|Publication number||US6382350 B1|
|Application number||US 09/824,540|
|Publication date||May 7, 2002|
|Filing date||Apr 2, 2001|
|Priority date||Apr 2, 2001|
|Also published as||EP1373650A1, EP1373650A4, WO2002079585A1|
|Publication number||09824540, 824540, US 6382350 B1, US 6382350B1, US-B1-6382350, US6382350 B1, US6382350B1|
|Inventors||Michael C. Jezewski, Milton D. Lenarz, David M. Muckley, Maureen R. Putt, Steven G. Sehmer|
|Original Assignee||Collins & Aikman Products Corp.|
|Export Citation||BiBTeX, EndNote, RefMan|
|Patent Citations (61), Non-Patent Citations (6), Referenced by (58), Classifications (24), Legal Events (10)|
|External Links: USPTO, USPTO Assignment, Espacenet|
The present invention relates to mats such as automotive accessory floor mats and, more particularly, to molded mats.
It is often desirable to minimize environmental noise. For example, it may be desirable to reduce noise levels in the interior of an automobile in order to improve the comfort of occupants. Sources of such noise may include or be affected by road surface, tire construction, drivetrain noise, exhaust noise, chassis and suspension noise, wind noise and the like. Automobile manufacturers have expended substantial effort and expense to reduce cabin noise.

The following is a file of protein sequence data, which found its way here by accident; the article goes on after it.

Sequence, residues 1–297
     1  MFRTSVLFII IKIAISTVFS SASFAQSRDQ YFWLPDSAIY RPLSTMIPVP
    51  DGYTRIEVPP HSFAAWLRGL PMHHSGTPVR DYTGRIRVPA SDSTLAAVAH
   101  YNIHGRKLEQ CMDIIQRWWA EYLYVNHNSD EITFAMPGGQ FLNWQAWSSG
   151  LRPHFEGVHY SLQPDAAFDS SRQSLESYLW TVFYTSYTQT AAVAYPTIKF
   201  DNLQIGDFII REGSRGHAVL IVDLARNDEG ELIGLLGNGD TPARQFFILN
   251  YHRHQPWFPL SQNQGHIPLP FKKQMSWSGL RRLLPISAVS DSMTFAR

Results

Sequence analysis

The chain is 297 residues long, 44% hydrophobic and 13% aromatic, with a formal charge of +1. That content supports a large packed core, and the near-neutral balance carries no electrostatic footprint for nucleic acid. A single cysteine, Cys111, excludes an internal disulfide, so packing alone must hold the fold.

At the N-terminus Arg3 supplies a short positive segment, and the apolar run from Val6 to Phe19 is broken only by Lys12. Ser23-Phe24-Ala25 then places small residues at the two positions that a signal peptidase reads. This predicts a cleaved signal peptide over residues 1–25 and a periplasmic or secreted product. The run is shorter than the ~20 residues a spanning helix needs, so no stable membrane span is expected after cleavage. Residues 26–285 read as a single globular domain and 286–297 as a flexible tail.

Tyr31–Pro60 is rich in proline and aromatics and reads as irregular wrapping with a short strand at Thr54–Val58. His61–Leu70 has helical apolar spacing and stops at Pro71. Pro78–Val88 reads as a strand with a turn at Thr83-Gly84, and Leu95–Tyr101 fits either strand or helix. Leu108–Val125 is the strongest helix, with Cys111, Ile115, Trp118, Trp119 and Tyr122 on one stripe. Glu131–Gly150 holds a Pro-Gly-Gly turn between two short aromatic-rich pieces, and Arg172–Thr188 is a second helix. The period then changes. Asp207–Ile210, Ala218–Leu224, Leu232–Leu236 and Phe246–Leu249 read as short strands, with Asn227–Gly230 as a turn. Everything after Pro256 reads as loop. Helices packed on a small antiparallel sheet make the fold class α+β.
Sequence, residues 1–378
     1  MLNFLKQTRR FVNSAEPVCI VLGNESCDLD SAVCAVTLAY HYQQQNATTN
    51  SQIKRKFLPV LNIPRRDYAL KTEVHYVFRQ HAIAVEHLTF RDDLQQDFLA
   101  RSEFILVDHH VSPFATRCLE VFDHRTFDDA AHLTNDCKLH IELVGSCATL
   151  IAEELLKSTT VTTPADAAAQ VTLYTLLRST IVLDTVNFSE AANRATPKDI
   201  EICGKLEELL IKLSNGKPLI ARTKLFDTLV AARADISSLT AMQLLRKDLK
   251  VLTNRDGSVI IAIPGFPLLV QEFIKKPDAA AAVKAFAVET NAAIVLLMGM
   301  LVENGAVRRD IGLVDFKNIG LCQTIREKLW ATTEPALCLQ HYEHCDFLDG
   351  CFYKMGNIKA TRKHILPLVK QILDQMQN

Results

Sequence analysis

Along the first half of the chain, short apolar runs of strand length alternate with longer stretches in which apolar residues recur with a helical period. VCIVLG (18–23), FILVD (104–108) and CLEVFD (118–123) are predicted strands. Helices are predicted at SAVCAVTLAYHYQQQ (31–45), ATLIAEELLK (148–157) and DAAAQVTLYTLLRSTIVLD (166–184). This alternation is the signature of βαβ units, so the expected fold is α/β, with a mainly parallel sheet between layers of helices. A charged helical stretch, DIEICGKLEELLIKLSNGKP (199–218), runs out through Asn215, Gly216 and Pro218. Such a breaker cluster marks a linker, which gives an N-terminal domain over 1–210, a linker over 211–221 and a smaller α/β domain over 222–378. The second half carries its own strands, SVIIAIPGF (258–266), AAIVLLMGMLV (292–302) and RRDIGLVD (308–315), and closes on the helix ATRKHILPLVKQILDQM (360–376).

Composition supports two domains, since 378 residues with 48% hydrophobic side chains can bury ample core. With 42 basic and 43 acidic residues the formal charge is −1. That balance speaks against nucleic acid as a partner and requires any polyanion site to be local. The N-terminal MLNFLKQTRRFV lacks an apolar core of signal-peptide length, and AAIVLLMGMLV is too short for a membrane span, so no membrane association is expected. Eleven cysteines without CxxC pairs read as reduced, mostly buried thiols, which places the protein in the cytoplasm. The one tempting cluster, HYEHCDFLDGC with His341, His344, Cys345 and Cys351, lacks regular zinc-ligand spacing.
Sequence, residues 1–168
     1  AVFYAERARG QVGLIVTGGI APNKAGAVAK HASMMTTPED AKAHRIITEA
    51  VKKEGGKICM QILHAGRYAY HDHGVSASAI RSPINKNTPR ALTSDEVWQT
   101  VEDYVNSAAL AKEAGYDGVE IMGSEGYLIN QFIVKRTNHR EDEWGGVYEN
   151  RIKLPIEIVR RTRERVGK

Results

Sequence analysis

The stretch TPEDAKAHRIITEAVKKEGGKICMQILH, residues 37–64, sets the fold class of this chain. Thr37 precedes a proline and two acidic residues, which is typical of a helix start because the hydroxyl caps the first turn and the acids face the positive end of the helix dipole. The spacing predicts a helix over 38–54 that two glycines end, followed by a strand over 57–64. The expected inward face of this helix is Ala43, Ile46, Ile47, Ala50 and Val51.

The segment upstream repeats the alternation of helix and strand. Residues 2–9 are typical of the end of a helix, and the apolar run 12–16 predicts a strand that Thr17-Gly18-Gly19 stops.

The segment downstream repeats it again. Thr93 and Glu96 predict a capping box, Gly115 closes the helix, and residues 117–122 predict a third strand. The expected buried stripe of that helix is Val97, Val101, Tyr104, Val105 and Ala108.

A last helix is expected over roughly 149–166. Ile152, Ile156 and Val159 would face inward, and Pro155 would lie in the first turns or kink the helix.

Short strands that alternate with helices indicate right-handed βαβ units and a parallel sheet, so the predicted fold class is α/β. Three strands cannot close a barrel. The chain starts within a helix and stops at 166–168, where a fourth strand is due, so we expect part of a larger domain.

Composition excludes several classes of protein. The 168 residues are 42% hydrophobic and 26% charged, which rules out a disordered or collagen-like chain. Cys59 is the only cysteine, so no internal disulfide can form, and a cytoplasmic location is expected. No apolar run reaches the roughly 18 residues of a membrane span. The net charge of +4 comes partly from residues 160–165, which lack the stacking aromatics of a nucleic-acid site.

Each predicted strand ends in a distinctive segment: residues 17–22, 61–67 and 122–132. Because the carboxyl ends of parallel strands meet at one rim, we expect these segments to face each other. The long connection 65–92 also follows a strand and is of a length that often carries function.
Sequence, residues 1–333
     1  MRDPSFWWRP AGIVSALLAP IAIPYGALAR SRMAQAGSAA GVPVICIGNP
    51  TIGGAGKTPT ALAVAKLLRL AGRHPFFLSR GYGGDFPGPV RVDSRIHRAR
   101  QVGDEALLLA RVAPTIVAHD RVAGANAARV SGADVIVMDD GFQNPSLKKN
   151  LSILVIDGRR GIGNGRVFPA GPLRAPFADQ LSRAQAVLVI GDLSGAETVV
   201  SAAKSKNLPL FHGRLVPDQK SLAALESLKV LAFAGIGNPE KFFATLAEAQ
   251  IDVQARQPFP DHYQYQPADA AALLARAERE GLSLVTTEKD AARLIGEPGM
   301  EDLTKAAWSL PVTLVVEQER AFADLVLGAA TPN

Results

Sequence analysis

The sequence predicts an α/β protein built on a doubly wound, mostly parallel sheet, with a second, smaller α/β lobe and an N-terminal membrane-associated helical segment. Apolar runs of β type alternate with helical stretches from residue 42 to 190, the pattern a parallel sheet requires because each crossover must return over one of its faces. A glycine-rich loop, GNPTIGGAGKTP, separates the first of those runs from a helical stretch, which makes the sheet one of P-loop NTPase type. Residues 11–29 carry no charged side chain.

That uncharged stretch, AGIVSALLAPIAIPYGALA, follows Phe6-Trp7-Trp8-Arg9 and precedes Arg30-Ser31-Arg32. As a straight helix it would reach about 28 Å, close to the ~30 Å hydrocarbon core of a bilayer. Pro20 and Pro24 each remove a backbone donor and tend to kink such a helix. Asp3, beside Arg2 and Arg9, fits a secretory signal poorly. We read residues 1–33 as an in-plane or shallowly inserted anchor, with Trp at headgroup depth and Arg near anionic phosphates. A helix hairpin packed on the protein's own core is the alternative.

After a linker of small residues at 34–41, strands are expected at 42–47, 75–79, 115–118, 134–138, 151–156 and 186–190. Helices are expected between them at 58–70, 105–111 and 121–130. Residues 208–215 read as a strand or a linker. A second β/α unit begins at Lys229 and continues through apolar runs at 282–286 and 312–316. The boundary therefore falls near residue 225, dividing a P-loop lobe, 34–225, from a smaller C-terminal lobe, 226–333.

According to embodiments of the present invention, a multi-layer acoustically absorptive mat includes a base layer having an exposure hole defined therein. A face layer is disposed adjacent the base layer. An acoustic absorbing layer is interposed between the base layer and the face layer. The acoustic absorbing layer includes an exposed portion extending across the exposure hole wherein the base layer is bonded to the acoustic absorbing layer.